A nice touch is the popcorn served in a conical wrought iron basket lined with red and white paper when you sit down. It provides a little pick-me-up while you’re deciding what to order.

A variety of revolving domestic and imported draft and bottled beers, among them some IPAs like Ithaca Flower Power, which is a good one, cost $7. Wine can be had by the glass for $8-$13 or bottle for $30 to $50. Railroad-themed house cocktails ($11-$13) like a New Haven Bound made with Tito’s vodka, lime and strawberries (refreshing!) or Hop on Board made with New Amsterdam vodka, honey, lemon and Flower Power IPA are other options besides top shelf spirits (bourbon, rye, scotch and tequila).

For now, there is a verbal dessert menu. On our second visit, my husband and I sampled the excellent Italian cheesecake drizzled with strawberry sauce and garnished with a fresh sliced strawberry. There will also be ice cream and gelato. To go with our cheesecake, we ordered coffee, which arrived with a tiny bottle filled with warm milk, and cappuccino.

First visit

On our first visit before going to see Cheech and Chong at The Cap, Richard and I had a Firestone Pilsner, New Haven Bound cocktail, Baby Bell Peppers, a Clam & Bacon Pizza and a small Station Salad and our check came to $62.28. The salad cost $15, somewhere between the price of a small and large listed on the menu.

Even on that busy first weekend when all the staff was new, the management made a huge effort to provide great service and our server apologized for the length of time it took to get our drinks due to a backlog at the bar. We were also offered a free round of drinks.

Menu flexibility

Are the Station House and Village Beer Garden two different restaurants? “Good question,” responded Jannetta. They are two restaurants that feed off each other. There are two menus but one owner.

The German-American biergarten menu that was offered outside last year has been shortened but still includes sausages, sandwiches, salads, sides and bites. The Nicoise Salad and the spaetzle, for instance, have been removed because they weren’t big sellers.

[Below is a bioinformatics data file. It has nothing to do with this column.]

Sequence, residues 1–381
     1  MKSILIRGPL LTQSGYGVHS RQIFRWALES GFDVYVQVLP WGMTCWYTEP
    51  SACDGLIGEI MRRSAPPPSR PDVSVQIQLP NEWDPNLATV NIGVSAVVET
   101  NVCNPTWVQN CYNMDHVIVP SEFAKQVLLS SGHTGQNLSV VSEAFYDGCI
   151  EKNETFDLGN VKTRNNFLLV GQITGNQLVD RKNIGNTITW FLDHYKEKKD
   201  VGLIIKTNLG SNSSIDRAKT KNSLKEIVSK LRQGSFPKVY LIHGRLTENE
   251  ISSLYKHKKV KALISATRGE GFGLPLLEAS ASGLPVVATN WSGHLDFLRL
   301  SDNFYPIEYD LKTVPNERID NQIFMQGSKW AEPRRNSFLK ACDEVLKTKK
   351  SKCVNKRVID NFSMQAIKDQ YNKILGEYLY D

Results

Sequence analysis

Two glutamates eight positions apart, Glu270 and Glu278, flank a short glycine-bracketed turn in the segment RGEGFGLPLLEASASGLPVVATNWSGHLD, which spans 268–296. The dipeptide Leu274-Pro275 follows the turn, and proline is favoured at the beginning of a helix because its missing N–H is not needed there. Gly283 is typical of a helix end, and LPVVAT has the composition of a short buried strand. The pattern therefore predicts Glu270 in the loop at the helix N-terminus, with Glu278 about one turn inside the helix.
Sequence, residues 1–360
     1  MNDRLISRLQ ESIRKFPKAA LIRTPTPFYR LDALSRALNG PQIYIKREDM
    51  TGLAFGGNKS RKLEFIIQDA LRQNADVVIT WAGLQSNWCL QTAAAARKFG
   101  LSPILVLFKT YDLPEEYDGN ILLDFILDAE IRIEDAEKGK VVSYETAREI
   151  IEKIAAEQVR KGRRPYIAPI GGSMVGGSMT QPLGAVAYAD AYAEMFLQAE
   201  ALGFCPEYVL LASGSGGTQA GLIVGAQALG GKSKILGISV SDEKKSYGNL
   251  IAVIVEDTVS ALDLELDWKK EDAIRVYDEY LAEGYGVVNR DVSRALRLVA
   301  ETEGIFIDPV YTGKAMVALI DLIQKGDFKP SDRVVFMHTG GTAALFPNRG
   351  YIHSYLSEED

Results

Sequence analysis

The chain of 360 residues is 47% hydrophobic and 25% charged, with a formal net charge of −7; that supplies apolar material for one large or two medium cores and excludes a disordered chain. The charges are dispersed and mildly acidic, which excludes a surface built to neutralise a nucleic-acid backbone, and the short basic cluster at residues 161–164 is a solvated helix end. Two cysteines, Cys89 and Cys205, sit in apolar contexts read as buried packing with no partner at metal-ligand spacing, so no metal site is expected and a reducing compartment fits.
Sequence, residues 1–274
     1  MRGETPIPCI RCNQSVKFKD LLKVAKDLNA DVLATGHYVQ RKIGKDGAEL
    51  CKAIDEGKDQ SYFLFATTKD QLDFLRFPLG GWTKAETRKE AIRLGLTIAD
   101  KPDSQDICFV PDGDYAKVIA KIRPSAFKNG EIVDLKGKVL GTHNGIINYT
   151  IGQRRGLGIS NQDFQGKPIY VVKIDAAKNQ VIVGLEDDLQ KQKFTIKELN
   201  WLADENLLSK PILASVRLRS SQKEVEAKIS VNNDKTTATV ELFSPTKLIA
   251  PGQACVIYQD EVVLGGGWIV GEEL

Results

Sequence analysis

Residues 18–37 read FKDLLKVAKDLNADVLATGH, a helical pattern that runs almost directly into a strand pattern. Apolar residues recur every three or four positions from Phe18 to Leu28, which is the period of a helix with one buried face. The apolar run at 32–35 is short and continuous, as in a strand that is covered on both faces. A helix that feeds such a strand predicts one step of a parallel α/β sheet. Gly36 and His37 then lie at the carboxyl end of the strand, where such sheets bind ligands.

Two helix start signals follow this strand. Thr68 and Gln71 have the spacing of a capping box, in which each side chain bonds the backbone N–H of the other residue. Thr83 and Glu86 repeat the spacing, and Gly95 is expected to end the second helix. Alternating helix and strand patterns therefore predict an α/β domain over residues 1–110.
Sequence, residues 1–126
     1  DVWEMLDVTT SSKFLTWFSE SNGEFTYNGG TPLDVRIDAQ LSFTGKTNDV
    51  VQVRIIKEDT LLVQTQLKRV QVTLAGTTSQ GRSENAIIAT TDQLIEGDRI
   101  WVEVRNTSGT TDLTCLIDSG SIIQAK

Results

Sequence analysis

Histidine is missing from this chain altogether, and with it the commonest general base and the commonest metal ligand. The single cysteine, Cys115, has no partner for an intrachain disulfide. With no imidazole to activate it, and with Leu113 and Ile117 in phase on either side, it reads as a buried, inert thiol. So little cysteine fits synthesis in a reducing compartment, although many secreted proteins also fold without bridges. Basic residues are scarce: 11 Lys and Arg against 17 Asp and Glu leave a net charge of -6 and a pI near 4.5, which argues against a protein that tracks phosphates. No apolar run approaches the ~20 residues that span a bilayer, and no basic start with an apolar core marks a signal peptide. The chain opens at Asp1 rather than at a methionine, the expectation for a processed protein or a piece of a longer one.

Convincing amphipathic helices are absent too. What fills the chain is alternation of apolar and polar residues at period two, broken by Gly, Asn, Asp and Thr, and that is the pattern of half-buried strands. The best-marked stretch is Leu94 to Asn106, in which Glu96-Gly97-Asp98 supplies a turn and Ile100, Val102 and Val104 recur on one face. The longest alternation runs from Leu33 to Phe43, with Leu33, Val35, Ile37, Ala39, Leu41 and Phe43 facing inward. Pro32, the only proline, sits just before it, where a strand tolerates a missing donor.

Unless it’s very busy, you can also get pizza outside, so there is some sharing of menu items. The bottom line is to make customers happy and keep them coming back.

Spruced up décor

Besides a scrape, polish and a paint job, the railroad décor remains intact and much as it had been as first Port Chester Hall and then Heartland Black + Gold. An historic map has been placed above the ticket window and other historical prints and antique mirrors decorate the walls which were repainted light beige with darker trim. Billowy vintage red and taupe drapes hang at the large windows. Seating is at rich red banquettes and chairs as well as a few high tops in front of a grand bar on the opposite side of the room from the pizza oven.

Hours and parking

Station House and the Village Beer Garden are open seven days from 4 p.m. until at least 9 p.m. during the week. “The kitchen is open until 9:30 to 10 most nights,” said manager Juan Vargas. They both stay open for drinks as long as there are customers. “We don’t kick anybody out,” said Vargas.

Parking is in the commuter lot on Broad Street north of Irving Avenue after 5 p.m. weekdays and anywhere in the lot all day Saturday and Sunday. You can also park on the street but must feed the meter until 9 p.m.